Sing When You're Winning: famous football fans reveal their allegiances
“I grew up about a quarter of a mile away from Old Trafford,” gleams broadcaster, presenter, writer and life-long Manchester United fan, Terry Christian. If living outside Manchester makes you a ‘plastic‘, then Terry’s as rigid a supporter as they come.
“Being one of six kids, three of us had to share a room,” says Terry. “We didn’t even have a wardrobe, but there was a little wooden trestle table with drawers, and that was filled with my older brother’s United programmes and little bits of memorabilia.
“Every picture on the wall was of Denis Law and the Busby Babes; his first full season at United was the 1958-59 season [the season after the Munich air disaster], so it was a very emotional time to be a part of the club.”
Under his brother’s wing, Christian first ventured to reserve games - an arena for both young-pretenders and seasoned pros.
“My brother used to take me when I was four or five years old,” he recalls. “We had the likes of Carlo Sartori in the reserves, Johnny Aston coming back from a broken leg and Brian Kidd trying to get fit. Jimmy Rimmer was always in net, ended up playing for Aston Villa didn’t he?
“Reserve team football isn’t really the same anymore; it used to be a great place for younger players to step-up and play with and against seasoned professionals. As a result, the central leagues were very competitive and of a great enough standard that youngsters could step up to the first-team with minimal fuss. Nowadays the reserves are just a glorified youth-side, and the gap between them and the proper side is huge.”
Despite the club now being synonymous with success, Manchester United regularly struggled during Terry’s first 10 years at Old Trafford; a period which saw one solitary FA Cup and relegation from the First Division. “My first full-season at Old Trafford was the 1969-70 season and it was the beginning of an era where football became very defensive. None of the really attacking sides like ourselves, City, Ipswich Town, Tottenham or QPR won the league in that period – that’s just the way it was. It was a very different time, where teams would pay striker-type money for defenders.”
While the support of most United fans, particularly those further afield, is dismissed merely as a love for trophies and success, it is clear that Terry Christian’s love of the club was enhanced by the team’s expansive attitude.
“I can remember the crowd at Old Trafford, when Ron Atkninson was manager, booing if there were more than three passes between the back-four. Tommy Docherty’s Man Utd side of the 70s were breathtaking – it was completely gung-ho. Almost suicidal!
“I get bored of all this talk of out-of-towners at United; we had a fan-club of 15,000 in London and that was in 1967. That’s nothing new. I remember when we were in Division Two, we had kids at United running around in those horrible red acrylic jumpers with ‘Manchester United Walsall Supporters Association’ written across them. When you’ve played the kind of football that United always have then that will attract people and there will always be that glamour about the club.”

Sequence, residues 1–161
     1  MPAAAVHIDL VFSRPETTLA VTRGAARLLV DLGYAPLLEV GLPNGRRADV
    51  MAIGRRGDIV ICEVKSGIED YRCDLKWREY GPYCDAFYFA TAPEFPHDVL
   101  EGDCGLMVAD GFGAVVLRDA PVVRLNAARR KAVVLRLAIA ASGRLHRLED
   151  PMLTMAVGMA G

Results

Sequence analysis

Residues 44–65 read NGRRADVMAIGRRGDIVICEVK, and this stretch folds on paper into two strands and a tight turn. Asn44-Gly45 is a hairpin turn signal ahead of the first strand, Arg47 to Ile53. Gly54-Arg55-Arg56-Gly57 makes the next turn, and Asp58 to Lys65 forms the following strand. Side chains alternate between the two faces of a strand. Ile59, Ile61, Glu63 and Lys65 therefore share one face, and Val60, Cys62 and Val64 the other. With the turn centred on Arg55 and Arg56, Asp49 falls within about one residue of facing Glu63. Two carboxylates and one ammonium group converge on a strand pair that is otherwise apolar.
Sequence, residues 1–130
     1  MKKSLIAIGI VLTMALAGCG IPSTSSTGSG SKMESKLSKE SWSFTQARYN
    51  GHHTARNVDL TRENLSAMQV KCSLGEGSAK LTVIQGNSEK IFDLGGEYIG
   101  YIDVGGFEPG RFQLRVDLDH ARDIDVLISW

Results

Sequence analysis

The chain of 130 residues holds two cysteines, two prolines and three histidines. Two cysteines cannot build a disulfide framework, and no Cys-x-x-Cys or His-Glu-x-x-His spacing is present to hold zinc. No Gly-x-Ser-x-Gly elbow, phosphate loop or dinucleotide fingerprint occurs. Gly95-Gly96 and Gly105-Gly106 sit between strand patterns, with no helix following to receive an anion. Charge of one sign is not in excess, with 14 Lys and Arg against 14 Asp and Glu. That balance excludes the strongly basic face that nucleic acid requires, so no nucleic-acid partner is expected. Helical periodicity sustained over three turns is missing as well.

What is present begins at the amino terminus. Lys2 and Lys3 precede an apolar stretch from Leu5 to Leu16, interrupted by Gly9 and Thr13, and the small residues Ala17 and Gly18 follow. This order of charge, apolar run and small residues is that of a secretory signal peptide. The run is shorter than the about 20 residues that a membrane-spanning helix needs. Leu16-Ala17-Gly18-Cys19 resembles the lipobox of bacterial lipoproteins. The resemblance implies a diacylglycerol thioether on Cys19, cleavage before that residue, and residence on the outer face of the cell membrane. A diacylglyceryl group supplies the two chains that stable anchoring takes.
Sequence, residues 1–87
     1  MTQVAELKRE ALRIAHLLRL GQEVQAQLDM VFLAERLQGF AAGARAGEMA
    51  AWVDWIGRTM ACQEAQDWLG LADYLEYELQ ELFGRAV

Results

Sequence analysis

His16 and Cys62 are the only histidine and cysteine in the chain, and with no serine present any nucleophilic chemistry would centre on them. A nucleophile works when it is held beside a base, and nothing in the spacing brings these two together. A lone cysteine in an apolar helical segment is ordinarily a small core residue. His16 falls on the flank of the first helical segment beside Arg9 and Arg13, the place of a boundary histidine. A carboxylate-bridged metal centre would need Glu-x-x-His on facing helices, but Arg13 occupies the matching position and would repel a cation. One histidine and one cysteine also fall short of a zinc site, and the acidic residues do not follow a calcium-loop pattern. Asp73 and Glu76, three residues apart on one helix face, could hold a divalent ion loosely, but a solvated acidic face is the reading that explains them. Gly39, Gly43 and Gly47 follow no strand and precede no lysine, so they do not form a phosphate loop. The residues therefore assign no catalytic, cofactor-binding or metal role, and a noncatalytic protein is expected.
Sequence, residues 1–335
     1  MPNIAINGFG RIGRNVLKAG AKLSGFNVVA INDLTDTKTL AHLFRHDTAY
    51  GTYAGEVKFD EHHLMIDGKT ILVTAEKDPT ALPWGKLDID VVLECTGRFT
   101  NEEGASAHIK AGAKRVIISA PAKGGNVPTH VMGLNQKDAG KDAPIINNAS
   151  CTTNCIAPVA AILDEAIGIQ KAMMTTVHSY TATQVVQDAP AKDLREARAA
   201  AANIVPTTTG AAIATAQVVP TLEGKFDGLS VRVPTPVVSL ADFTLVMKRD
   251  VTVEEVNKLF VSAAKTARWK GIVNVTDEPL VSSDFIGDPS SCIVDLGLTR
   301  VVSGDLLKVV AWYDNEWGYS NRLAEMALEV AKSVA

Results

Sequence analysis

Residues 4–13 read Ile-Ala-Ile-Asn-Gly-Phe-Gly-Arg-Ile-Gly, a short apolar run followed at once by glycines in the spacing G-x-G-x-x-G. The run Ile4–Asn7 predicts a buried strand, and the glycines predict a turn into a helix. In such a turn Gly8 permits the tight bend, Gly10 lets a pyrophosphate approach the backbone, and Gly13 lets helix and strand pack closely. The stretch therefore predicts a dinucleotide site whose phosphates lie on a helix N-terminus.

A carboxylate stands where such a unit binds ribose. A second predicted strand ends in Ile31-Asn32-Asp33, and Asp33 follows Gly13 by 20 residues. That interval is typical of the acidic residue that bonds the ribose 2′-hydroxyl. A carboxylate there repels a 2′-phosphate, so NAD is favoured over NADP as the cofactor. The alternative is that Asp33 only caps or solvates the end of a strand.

Talk moves on to United's rivals Manchester City, their renaissance on and off the pitch, and a much anticipated title charge next season. The subject brings about a change in tone from Terry, but more out of nostalgia than worry.
“My younger brother’s a City fan, and I think they were very unlucky not to win league in the 1976-77 season when they finished runners-up to Liverpool. City were big when I was growing up, and it was only really when John Bond took over that they lost their way. He was a mid-table manager at a top eight side and it was never going to work out. Sure they’ll have big plans next year, but it cost them £350 million to win a trophy worth £2 million!
“It’s funny, the first game my dad ever took me to was City in the quarter final of the League Cup, where City beat QPR 3-0! In fact, it was the only game he ever took me to. The thing about City, no matter how well they do, they’ll never get the crowds. The irony is City’s ground Eastlands – sorry, Wastelands – is in an area that is about 90% red. You couldn’t pick a more United area!”
This weekend sees Manchester United face Spanish giants Barcelona in the Champions League Final at Wembley (where both sides recorded their first of three European Cup successes). Now with MUTV, and working for Radio Five Live for this weekend’s showpiece event, Terry sees no reason why United cannot triumph at the end of a surprisingly successful domestic campaign.
“We’re a team in transition this season,” says Terry. “I’ll be honest, I didn’t fancy us - I thought Chelsea would win the league by 15 clear points. To be honest with you, if you look at the top four this year, if Alex Ferguson had managed any of them then they’d have won the league.
“We were wobbly to start with but I think it just goes to show that the other teams weren’t up for it. Our team spirit is really something special this year; there was a grit and determination this season. Of course Barcelona are favourites, but I just hope we give a better account of ourselves than last time. I look at Barca and think the only way we can beat them is to play four players in their half and give them a lot to think about.
“That being said, that Messi isn’t bad, is he? I get nervous at the sight of him…”
Terry Christian is backing a campaign to get a new unofficial Manchester United iPhone Application to get to No.1 in the iTunes App charts for the weekend of the Champions League Final. Check out the promotional video here and visit Terry's official website here.
Interview: Vithushan Ehantharajah, May 2011
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